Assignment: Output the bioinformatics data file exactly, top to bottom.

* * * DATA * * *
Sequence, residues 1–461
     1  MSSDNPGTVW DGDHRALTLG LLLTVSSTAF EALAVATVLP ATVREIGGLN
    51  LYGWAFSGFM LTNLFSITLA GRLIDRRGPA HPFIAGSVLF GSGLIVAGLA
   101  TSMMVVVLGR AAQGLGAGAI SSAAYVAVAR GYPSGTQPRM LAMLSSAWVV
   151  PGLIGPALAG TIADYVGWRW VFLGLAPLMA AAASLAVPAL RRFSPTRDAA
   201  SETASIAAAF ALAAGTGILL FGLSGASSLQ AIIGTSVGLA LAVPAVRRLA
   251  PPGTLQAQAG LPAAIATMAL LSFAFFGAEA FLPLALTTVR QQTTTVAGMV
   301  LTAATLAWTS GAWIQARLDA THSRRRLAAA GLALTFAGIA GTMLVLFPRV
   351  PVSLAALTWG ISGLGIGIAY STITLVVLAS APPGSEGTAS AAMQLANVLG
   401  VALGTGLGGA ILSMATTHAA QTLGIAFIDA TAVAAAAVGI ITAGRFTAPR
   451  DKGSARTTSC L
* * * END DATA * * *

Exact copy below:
Sequence, residues 1–461
     1  MSSDNPGTVW DGDHRALTLG LLLTVSSTAF EALAVATVLP ATVREIGGLN
    51  LYGWAFSGFM LTNLFSITLA GRLIDRRGPA HPFIAGSVLF GSGLIVAGLA
   101  TSMMVVVLGR AAQGLGAGAI SSAAYVAVAR GYPSGTQPRM LAMLSSAWVV
   151  PGLIGPALAG TIADYVGWRW VFLGLAPLMA AAASLAVPAL RRFSPTRDAA
   201  SETASIAAAF ALAAGTGILL FGLSGASSLQ AIIGTSVGLA LAVPAVRRLA
   251  PPGTLQAQAG LPAAIATMAL LSFAFFGAEA FLPLALTTVR QQTTTVAGMV
   301  LTAATLAWTS GAWIQARLDA THSRRRLAAA GLALTFAGIA GTMLVLFPRV
   351  PVSLAALTWG ISGLGIGIAY STITLVVLAS APPGSEGTAS AAMQLANVLG
   401  VALGTGLGGA ILSMATTHAA QTLGIAFIDA TAVAAAAVGI ITAGRFTAPR
   451  DKGSARTTSC L